While it can be frustrating when recording labels throw in an extra piece of music on an album just because there happens to be enough time left, it's equally irksome when they completely shortchange you by using just barely half of the available space. Such is the case with this album, with a total time of about 38 minutes. Granted, the original Decca program is preserved, but Ricci recorded extensively and surely another of his bravura performances could have been added.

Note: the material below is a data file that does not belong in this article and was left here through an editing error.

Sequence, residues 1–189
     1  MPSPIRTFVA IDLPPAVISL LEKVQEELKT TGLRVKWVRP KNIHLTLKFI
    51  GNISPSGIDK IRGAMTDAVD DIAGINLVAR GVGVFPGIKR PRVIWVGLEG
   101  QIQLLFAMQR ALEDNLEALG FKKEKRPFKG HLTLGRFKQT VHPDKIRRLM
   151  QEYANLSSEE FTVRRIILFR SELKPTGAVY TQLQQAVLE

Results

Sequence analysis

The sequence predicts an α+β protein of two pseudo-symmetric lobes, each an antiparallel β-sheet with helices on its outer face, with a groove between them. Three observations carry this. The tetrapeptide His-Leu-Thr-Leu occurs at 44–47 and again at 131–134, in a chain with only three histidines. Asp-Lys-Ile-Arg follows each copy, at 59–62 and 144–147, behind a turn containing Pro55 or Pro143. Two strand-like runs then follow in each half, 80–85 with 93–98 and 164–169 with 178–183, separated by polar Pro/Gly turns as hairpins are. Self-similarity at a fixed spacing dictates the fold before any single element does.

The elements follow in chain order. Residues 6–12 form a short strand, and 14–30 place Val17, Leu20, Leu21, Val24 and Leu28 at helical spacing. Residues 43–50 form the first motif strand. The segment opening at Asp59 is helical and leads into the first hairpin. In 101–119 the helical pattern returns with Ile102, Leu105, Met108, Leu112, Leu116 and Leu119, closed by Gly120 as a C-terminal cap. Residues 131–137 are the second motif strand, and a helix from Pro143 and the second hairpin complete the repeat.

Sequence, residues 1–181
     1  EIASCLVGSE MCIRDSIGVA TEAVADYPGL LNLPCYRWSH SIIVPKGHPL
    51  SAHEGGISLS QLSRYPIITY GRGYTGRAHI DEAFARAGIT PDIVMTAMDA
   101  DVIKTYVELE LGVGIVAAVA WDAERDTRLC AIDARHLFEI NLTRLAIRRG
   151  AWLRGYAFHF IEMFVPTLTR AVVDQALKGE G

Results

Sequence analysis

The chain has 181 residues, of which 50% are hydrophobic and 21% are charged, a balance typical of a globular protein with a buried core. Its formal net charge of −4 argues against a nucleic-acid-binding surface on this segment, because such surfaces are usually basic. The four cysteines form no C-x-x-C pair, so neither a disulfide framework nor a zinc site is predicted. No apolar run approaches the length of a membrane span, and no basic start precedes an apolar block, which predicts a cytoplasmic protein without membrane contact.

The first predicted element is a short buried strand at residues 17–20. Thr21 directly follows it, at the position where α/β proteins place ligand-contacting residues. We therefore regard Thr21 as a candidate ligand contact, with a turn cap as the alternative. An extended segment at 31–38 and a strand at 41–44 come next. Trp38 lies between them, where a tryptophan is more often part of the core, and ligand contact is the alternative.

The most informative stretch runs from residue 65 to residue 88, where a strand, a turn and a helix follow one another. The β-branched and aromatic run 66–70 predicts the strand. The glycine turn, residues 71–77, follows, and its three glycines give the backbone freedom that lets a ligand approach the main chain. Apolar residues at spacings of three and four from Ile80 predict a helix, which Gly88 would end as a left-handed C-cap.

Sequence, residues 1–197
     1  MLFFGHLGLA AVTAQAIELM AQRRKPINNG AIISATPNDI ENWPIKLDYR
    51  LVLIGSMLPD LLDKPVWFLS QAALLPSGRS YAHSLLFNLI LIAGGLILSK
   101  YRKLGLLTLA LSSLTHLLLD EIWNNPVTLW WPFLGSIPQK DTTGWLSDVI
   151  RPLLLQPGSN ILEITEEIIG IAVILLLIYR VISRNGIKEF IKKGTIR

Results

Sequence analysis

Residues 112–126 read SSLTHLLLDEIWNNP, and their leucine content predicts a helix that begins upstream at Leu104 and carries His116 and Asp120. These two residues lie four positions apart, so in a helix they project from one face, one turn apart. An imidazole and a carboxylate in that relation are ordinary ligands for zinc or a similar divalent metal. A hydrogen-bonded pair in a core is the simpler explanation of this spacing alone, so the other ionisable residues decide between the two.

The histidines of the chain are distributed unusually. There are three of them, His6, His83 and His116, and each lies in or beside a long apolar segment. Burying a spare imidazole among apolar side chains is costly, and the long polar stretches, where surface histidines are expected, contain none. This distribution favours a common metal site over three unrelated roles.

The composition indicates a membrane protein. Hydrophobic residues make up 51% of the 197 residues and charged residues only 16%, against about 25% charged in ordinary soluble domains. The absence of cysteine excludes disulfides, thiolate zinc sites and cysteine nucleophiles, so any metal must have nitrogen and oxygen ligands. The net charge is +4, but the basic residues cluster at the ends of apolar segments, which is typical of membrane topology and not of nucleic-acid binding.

All that aside, the performance of these virtuoso works by Sarasate and Saint-Saëns are quite exciting. Ricci's performance is what might be expected from a performance of this era -- a little too much vibrato, a little too much bow pressure, and an occasional cavalier disregard for intonation and articulation -- all things that make recordings from this era so very stimulating. Ricci's performances are all about character and are a perfect match for all four works here. Nothing is held back; every shift and every frenetic tempo is a huge risk. But these risks are what will keep listeners on the edge of their seats. This recording is not for anyone looking for flawless execution, but is highly recommended for listeners seeking too hear a skilled violinist having fun making music and doing an incredible job of it.